Nick and Elyse Oleksak loved watching Shark Tank. They admired the entrepreneurs and daydreamed about starting up a company of their own and appearing in the tank. They came up with various ideas, but nothing stuck, until Nick had a dream about a bagel the size of a donut hole filled with cream cheese. Ding-ding-ding! The very next day, they started testing out various recipes—right after Googling “how to make bagels.” It took a while, but they eventually came up with the perfect little stuffed bagel. They found a tiny shop on Bleecker Street in Manhattan and kept the ovens going day and night and created original flavors of cream cheese. Both worked on Wall Street. Elyse quit her job; Nick continued his but was no less committed, working his shifts at the ovens and making deliveries out to Long Island.
A friend who worked in public relations helped them send batches of stuffed bagels to media outlets all over New York City.
- NBC’s Today had Nick and Elyse on twice to show off their bagels.
- QVC wanted 100,000 bagels.
- The bagels were one of “Oprah’s Favorite Things” for 2014.
- The New York Daily News listed them as one of the top three bagels in NYC.
The business was doing great with yearly sales of $200,000. And their dream was coming true. After applying to Shark Tank “hundreds of times,” they were going into the tank. The bagels were a big, big hit with the sharks. Barbara, Kevin and Lori made offers. They made the deal with Lori, and Nick quit his job the next day.
Where Are Bantam Bagels Now?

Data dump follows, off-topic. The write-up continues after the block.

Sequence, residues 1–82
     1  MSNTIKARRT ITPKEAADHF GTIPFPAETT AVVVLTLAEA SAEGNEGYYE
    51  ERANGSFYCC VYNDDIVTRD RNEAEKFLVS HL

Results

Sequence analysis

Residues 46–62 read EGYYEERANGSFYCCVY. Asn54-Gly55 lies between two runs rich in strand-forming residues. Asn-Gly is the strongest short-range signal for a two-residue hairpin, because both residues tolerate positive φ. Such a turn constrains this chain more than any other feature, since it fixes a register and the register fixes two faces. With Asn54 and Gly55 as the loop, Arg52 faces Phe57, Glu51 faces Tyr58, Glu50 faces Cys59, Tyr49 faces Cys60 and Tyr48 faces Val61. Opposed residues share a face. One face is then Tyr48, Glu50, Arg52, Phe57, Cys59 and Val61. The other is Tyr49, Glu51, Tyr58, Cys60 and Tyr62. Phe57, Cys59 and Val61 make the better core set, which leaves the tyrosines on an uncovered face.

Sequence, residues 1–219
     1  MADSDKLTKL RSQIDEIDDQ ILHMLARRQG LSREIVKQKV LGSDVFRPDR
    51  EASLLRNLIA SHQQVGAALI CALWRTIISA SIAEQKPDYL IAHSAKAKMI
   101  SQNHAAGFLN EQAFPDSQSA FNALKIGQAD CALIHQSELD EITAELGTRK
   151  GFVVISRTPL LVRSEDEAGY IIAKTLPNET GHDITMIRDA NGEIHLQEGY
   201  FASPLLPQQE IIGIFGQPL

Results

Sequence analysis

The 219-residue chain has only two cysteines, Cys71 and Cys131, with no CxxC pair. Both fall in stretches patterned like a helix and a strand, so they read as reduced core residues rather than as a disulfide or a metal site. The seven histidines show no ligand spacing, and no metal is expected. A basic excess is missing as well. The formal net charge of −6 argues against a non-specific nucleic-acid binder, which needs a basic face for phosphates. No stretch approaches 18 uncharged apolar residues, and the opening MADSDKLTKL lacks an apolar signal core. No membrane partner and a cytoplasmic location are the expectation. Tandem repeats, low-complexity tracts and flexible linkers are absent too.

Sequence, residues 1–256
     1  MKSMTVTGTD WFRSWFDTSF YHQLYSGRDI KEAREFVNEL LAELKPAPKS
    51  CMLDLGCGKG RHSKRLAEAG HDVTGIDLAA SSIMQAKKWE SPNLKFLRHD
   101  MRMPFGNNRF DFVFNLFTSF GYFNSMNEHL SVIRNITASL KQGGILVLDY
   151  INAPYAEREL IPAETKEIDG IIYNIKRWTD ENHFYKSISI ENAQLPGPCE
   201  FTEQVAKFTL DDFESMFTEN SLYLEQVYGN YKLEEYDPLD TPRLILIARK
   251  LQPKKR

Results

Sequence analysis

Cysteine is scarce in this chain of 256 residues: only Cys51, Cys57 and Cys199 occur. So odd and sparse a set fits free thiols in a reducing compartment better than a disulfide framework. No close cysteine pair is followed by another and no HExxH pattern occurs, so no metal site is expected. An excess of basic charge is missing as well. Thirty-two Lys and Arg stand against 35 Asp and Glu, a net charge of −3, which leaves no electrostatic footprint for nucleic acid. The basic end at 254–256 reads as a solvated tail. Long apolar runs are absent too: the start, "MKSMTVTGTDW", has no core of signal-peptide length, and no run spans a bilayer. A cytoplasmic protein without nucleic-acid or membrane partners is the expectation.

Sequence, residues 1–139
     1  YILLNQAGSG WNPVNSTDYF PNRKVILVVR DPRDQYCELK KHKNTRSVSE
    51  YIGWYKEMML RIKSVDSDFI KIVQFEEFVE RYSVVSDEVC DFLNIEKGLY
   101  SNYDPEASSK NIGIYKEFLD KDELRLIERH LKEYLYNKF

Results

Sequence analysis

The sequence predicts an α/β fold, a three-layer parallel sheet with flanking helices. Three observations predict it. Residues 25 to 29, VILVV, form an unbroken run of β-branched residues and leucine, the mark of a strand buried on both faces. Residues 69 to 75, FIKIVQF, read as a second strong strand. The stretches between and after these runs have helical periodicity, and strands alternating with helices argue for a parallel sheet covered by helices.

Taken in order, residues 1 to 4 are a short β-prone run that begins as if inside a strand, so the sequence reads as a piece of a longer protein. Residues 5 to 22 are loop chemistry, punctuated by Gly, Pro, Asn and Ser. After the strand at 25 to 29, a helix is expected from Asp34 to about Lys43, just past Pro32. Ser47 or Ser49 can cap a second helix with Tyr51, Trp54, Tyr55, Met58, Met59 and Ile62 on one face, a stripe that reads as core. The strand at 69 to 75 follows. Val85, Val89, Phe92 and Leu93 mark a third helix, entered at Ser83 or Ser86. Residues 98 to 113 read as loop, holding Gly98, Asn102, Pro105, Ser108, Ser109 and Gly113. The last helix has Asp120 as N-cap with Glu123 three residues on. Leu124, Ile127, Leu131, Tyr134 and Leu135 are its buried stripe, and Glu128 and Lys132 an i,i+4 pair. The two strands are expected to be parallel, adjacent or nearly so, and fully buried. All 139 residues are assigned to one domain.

In eight months after the show, sales surged to more than $2.1 million. In five years, they made over $20 million.
Their little store was flooded with customers after the episode aired. Lori helped them strategize on how best to grow the company and worked with them to secure business deals, and the bagels were being sold at more than 20,000 stores. They also found a co-packing plant, and production went from a couple thousand a day to a million a week.
Nick and Elyse searched through LinkedIn to send out cold emails to the buyers for major chains. One went to a regional director at Starbucks who wanted to put three flavors in about 500 NYC locations. That went so well, Bantam Bagels were in Starbucks nationwide.
In October 2018, the T. Marzetti Company, a wholly owned subsidiary of Lancaster Colony Corporation, bought Bantam Bagels for $34 million. Nick and Elyse remain with the company managing day-to-day operations and directing future innovation.
UPDATE: Lancaster Colony Foods discontinued Bantam Bagels.